March 28th, 2016
Blog post by Stewart Plein, Rare Book Librarian.
Many of us have fond Easter memories from our childhoods. Here’s a look back at the ways we celebrated Easter in West Virginia in the early years of the twentieth century.
Easter baskets, bunnies and chicks are usually a part of our Easter celebrations. This little girl poses next to a basket overflowing with Easter eggs, an Easter bunny held tightly in one hand about 1909.
Surrounded by Easter lilies, this young girl on the front page of a special Easter number of The New Dominion newspaper, was published in 1913 in Morgantown. The “new” dominion refers to the “new” state of West Virginia versus the “old” dominion of Virginia.
This charming photograph shows toddler Gladys Green playing with chicks on Easter Sunday in 1909. The message reads “Easter Greetings from Belmont W. Va.” Sadly, Gladys would only live nine more years. She succumbed to the flu during the pandemic of 1918.
This cover from Puck magazine’s Easter issue shows a similar image of a young girl playing something like a lute or a mandolin, which was a popular instrument at the time. Dancing bunnies in their Easter outfits, surround her, just like Gladys and her Easter chicks, above.
The Wayne County Yorkville High School Girls’ Glee Club is shown here preparing for the Easter Performance for an ‘It’s Wheeling Steel’ radio broadcast. The photograph caption reads “The Yorkville High School Girls’ Glee Club, 40 in all, added to the enjoyment of the Easter broadcast. All 40 girls have at least one immediate family relationship with corporation employees. Many can claim as many as four immediate family relatives who are Wheeling Steelmakers.” The entire broadcast was operated and performed by employees or family members of Wheeling Steel throughout the program’s entire duration.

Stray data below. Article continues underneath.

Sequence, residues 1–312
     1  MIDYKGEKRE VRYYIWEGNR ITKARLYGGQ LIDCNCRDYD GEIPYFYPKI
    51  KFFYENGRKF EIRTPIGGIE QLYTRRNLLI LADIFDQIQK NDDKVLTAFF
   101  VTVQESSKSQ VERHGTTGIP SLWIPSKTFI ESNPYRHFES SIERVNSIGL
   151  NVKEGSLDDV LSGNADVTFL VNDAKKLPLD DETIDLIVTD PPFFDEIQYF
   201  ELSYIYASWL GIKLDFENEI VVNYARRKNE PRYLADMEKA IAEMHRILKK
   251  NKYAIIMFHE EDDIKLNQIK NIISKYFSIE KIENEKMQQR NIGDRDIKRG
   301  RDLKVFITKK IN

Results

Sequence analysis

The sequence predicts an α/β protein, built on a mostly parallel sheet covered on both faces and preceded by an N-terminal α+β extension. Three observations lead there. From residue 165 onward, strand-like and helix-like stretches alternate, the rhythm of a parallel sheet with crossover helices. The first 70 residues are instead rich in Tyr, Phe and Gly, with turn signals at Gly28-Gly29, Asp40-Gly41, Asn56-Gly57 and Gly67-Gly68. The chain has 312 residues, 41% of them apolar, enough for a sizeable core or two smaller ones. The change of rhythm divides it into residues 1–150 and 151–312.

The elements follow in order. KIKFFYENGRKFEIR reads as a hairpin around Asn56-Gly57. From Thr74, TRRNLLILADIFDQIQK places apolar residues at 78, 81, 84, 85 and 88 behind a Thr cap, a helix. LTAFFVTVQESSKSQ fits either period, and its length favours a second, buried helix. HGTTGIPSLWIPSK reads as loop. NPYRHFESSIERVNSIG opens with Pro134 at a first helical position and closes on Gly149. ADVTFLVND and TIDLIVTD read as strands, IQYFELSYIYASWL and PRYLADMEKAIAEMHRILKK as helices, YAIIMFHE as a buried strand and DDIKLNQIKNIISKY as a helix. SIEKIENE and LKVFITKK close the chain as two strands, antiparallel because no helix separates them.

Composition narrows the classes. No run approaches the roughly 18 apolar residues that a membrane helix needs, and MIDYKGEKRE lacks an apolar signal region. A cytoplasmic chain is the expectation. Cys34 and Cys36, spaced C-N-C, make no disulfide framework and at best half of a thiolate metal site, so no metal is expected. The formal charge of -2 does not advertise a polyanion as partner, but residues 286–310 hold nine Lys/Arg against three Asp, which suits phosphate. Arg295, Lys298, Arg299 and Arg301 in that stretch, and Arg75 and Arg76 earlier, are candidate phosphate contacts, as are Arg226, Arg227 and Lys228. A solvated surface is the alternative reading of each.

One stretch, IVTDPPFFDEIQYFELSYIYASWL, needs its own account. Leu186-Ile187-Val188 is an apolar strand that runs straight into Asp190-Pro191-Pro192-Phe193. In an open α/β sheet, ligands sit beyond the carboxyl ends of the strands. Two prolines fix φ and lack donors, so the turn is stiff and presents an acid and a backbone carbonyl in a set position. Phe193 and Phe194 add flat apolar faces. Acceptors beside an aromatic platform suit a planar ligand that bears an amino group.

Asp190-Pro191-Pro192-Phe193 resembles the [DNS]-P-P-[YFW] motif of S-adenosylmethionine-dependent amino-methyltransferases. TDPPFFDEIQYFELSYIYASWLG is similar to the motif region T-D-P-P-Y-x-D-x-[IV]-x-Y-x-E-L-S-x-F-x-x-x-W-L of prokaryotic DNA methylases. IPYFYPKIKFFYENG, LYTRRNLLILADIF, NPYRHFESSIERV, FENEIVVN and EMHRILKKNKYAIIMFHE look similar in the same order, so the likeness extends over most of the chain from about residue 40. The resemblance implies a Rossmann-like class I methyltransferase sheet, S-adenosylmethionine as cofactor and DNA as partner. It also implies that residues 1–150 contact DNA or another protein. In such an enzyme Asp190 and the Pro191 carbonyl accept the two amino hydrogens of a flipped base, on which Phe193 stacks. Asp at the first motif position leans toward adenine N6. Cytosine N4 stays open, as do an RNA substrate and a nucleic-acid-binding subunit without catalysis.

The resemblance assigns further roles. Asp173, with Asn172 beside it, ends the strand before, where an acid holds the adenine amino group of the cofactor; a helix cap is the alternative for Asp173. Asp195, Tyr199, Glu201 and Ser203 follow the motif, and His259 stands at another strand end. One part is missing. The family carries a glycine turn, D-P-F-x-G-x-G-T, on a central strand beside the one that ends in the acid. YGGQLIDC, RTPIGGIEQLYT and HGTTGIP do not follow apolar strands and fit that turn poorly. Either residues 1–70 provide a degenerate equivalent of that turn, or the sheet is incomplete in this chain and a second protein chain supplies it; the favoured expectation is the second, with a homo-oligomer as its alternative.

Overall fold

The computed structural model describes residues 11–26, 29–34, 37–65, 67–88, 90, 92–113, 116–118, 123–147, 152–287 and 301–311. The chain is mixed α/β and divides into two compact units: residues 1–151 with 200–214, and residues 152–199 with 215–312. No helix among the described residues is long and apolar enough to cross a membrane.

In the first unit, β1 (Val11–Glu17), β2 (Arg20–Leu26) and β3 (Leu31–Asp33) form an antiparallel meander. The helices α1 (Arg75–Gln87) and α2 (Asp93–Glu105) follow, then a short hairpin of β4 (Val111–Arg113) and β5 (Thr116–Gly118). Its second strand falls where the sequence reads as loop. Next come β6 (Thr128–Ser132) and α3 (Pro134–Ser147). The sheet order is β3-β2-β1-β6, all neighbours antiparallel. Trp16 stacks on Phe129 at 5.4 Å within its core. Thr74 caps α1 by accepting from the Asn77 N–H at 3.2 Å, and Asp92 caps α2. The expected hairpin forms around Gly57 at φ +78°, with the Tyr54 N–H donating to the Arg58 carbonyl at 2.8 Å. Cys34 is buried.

‘It’s Wheeling Steel’ was a half hour musical variety radio program created by John L. Grimes, Wheeling Steel’s advertising director. The program was designed to promote public relations as well as the company’s products. The program ran from 1936 – 1944 and proved to be one of the most popular programs on radio.
You can see these photos, the Easter edition of the New Dominion newspaper and Puck magazine and listen to all 326 recordings of ‘It’s Wheeling Steel’ radio broadcasts at the West Virginia and Regional History Center.
All images: West Virginia and Regional History Center
It’s Wheeling Steel: E-WV http://www.wvencyclopedia.org/articles/927